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Jake Marsh for

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Writing Resilient End-to-End Tests

What is end-to-end testing?

End-to-end testing is the process of testing your application through replicating the expected full flows and behaviors of an end user. For example, if you wanted to test that an application's signup flow was working, you would use code to automatically navigate and complete the signup flow in the browser just like a user.

By testing the full functionality of your application in this manner, you're ensuring everything is working as expected from the client, to the API, to the database. It eliminates the seams that occur when unit testing each parts of your application in isolation.

If it's possible to gain more confidence with end-to-end tests, why don't people do more of it? Because it's hard. One of the biggest issues is resiliency: what happens if you change the text of a button that your test was looking for? What happens if you hit a network spike and something takes longer than expected? Without handling cases like these, your end-to-end tests are likely to start failing.

Why is resiliency important?

In a perfect world, end-to-end tests should be run any time a change is made to your application. This is because the smallest (perceived) change is always capable of causing unforeseen issues throughout the rest of your application. To achieve this, teams will typically execute their end-to-end tests within their CI/CD pipeline.

If your end-to-end tests are running inside your CI/CD pipeline, that means they're directly intertwined with your deployment process. Any delays or failures will impede (or prevent) the deployment from completing. Change the button text in your signup flow from "Next" to "Continue"? If your tests weren't updated for that change, you're about to hit a deployment failure and lose up to 30 minutes of precious time.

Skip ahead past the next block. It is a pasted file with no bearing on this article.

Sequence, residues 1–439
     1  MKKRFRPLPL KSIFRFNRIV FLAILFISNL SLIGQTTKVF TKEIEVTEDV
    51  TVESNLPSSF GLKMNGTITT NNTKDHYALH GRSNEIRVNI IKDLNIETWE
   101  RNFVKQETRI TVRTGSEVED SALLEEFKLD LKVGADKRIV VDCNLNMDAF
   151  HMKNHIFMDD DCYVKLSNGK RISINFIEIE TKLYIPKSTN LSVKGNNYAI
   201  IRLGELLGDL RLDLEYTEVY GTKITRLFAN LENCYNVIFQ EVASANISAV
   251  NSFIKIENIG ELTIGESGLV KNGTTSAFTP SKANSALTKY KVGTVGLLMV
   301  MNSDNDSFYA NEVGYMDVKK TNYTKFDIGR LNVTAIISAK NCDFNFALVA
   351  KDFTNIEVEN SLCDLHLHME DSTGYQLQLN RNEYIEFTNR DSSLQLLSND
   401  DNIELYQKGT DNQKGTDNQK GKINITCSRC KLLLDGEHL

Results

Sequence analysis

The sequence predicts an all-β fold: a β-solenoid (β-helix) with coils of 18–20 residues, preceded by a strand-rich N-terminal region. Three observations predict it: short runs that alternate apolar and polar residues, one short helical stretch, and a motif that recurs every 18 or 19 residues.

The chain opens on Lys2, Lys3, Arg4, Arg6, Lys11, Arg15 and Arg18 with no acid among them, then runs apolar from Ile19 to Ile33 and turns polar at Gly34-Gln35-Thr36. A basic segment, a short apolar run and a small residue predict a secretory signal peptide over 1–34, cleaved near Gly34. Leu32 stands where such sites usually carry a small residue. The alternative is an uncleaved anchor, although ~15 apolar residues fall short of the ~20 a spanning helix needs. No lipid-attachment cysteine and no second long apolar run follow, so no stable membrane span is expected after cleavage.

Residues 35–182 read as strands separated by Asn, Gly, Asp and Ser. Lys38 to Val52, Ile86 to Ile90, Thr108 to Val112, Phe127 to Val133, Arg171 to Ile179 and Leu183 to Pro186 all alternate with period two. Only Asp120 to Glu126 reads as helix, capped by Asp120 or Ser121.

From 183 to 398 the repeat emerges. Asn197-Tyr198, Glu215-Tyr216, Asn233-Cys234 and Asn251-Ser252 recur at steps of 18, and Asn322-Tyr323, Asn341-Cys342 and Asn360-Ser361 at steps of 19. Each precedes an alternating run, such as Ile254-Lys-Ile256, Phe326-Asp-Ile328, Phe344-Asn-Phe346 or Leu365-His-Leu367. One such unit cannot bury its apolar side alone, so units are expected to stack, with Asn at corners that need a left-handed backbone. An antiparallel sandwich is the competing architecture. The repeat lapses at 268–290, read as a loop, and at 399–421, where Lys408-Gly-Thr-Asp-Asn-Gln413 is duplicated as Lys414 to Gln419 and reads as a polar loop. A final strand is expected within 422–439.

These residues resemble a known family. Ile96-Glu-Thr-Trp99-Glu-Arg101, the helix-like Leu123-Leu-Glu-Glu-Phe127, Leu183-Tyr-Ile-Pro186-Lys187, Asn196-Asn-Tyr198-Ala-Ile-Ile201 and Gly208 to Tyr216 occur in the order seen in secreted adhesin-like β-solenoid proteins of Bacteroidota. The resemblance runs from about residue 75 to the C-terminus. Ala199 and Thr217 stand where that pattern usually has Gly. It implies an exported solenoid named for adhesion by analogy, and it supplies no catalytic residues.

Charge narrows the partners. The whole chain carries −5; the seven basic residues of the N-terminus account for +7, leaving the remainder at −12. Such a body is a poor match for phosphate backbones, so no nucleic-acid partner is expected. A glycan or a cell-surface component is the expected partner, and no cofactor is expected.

What is a flake, and what causes them?

A "flake" is a (usually) non-deterministic failure caused by something that is either intermittent or unexpected. Due to the nature of end-to-end tests and the many layers involved, a flake can be caused by any number of things. Some of the more common examples are:

  • Asynchronous delays. If submitting a form on your page suddenly takes 5 seconds instead of 2, the page will not be behaving as your tests may expect. Spinners may stick around, buttons may not re-enable.
  • Identifier changes. As we've mentioned, changing something like the text of a button could cause failures. That's also true of non-user-facing identifiers such as HTML classes or IDs, which can change at any time due to unrelated engineering updates.
  • Actual application/UX changes. In the case that your team has actually carried out a large redesign or refactor of your application, your existing tests are very likely to start failing.

Flakes and How to Avoid Them

Asynchronous Delays